Source: Kansas City Business Journal
quote: He's giving it back to try and save his job.
quote: I have a proposal: If CEO's really think they are worth the millions they earn, they should put their money where their mouths are. They should have provisions in their contracts where if they fail to meet goals or cause a grossly negligent future impact on business, they should face instant termination with zero severance and forfeiture of prior year pay.
quote: So you are saying that he should've kept the money? I'm confused. Which is more admirable (again, not necessarily Mother Teresa here but) giving something voluntarily or having it taken away?
quote: he said iPhones were more profitable than others like Android-based phones. According to Hesse, iPhones have a "low churn rate" and iPhone users consume less data.
quote: They should have provisions in their contracts where if they fail to meet goals or cause a grossly negligent future impact on business, they should face instant termination with zero severance and forfeiture of prior year pay.
quote: The problem is, so many are being rewarded for taking risks and causing catastrophe while doing so.
quote: Wrong. A TINY minority. There are thousands of CEO's out there doing their jobs, we only hear about the tiny minority in big companies when they screw up. We very rarely see any acknowledgment for the positive side of the position.A large percentage of the idiot public seem to think a CEO's job involves sitting around doing nothing making millions, firing employees, and waiting to get fired so he can get a bonus. Nothing is farther from the truth, and I guess I'll have to put you in this category sadly.
quote: CEO compensation should be proportionate to baseline employee pay and should only fluctuate as much as baseline employee pay when going upwards--directly proportionate on a 1:1 level aside from bonuses (bonuses are earned as a result of performance).
quote: There are plenty of fairly compensated CEO's--and there are many that are disproportionately compensated far beyond what they deserve.
quote: Simple logic dictates that, for obvious reasons, your idea of proportional compensation would cause an unsustainable increase in the cost of operations.
quote: I just generally don't like to indulge in such thoughts because they lead to a class warfare Marxist mentalit
quote: No, the trick is to enduldge in those thoughts and *form your own oppinion*.
quote: If you don't question your own beliefs, how the heck do you know that they are true? Because somebody else told you so? I'm sure you can see the folly of that.
quote: Capitalism was ment as a system to deal with the value of things, what everything is worth.
quote: Currently, we've set that value at "whatever people are willing to give for it". This is wrong. Just because somebody pays a billion for a toilet roll, doesn't mean it's actually valued at a billion dollars.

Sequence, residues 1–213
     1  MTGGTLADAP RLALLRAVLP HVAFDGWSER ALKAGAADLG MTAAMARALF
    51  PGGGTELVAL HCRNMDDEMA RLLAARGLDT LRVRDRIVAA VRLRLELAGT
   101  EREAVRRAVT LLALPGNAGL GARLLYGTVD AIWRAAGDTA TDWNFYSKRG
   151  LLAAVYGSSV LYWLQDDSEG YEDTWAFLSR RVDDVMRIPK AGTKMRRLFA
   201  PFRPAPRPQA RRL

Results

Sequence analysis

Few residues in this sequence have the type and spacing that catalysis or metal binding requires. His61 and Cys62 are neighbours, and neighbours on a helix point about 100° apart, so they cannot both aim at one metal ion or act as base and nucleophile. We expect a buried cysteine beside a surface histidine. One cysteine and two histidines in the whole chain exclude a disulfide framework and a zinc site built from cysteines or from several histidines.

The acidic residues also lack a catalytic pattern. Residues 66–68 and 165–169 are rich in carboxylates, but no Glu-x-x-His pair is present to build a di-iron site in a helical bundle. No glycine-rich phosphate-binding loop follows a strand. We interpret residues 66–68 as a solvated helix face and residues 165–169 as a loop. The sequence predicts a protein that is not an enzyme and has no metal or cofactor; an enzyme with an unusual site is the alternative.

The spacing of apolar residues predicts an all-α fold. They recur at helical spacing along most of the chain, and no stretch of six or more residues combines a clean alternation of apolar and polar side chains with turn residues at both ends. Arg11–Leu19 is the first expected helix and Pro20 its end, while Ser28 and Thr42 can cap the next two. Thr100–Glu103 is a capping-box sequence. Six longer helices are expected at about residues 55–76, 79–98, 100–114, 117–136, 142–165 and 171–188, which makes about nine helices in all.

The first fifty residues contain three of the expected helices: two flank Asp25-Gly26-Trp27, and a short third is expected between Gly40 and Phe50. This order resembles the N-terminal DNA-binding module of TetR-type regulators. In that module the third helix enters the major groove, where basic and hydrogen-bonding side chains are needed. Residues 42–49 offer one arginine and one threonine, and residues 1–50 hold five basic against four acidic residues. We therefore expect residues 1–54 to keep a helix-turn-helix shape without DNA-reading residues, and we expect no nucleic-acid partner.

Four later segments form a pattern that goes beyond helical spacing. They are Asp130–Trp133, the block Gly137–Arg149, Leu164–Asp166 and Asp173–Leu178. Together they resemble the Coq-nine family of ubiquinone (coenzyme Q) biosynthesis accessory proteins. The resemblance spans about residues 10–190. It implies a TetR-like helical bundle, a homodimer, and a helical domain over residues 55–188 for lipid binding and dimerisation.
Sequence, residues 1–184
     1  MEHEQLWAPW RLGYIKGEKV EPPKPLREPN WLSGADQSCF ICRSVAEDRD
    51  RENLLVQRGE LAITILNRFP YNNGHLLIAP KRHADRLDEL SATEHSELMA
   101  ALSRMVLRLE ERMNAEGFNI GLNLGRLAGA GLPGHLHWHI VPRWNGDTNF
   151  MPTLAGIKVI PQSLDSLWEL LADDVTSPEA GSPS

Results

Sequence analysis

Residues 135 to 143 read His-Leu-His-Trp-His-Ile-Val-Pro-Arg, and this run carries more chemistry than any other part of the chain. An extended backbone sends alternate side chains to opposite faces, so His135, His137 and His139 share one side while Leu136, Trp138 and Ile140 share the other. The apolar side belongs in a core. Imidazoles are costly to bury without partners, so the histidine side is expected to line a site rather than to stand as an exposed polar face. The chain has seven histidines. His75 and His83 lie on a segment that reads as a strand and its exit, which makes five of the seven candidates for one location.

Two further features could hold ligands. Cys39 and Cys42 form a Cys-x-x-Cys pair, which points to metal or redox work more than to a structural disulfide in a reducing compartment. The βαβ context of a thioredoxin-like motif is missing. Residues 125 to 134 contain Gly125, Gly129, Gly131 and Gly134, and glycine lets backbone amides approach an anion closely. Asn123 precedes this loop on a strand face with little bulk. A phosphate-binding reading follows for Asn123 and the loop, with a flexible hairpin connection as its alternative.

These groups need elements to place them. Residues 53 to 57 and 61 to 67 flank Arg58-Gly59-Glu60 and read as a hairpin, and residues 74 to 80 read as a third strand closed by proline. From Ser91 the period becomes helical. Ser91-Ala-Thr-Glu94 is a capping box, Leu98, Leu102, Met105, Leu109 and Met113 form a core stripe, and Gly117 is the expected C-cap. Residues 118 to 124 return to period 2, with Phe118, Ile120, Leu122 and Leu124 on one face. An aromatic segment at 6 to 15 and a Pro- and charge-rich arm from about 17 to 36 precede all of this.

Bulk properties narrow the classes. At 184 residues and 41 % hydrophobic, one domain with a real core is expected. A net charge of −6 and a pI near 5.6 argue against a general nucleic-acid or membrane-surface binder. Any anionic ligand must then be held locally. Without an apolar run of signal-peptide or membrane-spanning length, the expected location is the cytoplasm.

quote: If money dissapears, then a toilet roll will not get you the equivalent of a billion dollars in gold in exchange for it.
quote: It's the SEC that should be addressing this type of collusion-style board room.
quote: I just don't understand how you can be a capitalist and believe in the free market yet seem to run with a lot of anti-big business talking points. How you can reconcile those two are interesting but kind of frustrating.
quote: There is only one or a handful of CEO's in a company. There could be tens of thousands, or even hundreds of thousands of employees. Simple logic dictates that, for obvious reasons, your idea of proportional compensation would cause an unsustainable increase in the cost of operations. Very few, if any, companies could stay in business if this were to happen.
quote: Okay there it is again. "Deserve". I keep seeing all these Liberal buzzwords being used, getting nervous here. Fairness, greed, deserve and "absurd" salaries.
quote: How about authors like Tom Clancy. Isn't it "absurd" that someone sitting on their ass making up stories can get that rich?
quote: Thus, pay has to fit in with operational costs while still allowing either a break even or profit. What I was getting at was say you have an average base salary of 30k, the CEO is locked to that base with a multiplier, decided by not only the board (we'll get to that) but by shareholders as well. As it is right now, many CEO's are getting 150-300 times the pay of that average (not all) which is asinine in itself.
quote: I would hope you don't, as I don't belong in that category. I realize the CEO spot takes a special person to do the job. Most people aren't cut out for it and the 24/7 sacrifice they put into their position is insurmountable and unimagineable by most. I know CEO's and have been around them for my whole life. What I don't like is greed.
quote: My point is to get rid of boards deciding compensation completely and put it up to shareholder vote.
quote: You make it sound like CEOs are the messiah when in reality, only 1 in 10,000 are _that_ good.
quote: In 2011, his _total_ compensation was 11,882,651.00. Eleven Million Dollars. So, really, has he lost much by giving back 3.25 million?
quote: Frankly I don't care. If he only gave back a dollar and said what he did, I am impressed.
quote: Morale is important but I want to see some real suffering on his part, not just a figurative gesture.
quote: Given that he's earned over 51,738,000--Fifty One Million in compensation over the last five years, 2.89 million is a pittance, or 5.6% of the total sum. It's peanuts to him.
quote: Biased math much? Assuming he made $10,347,600 this year, that measly $2.89 million represents him giving back 27% of his yearly income. But yeah you're right, he's rich so it's no big deal losing over a quarter of your income voluntarily lol. Are you serious with this?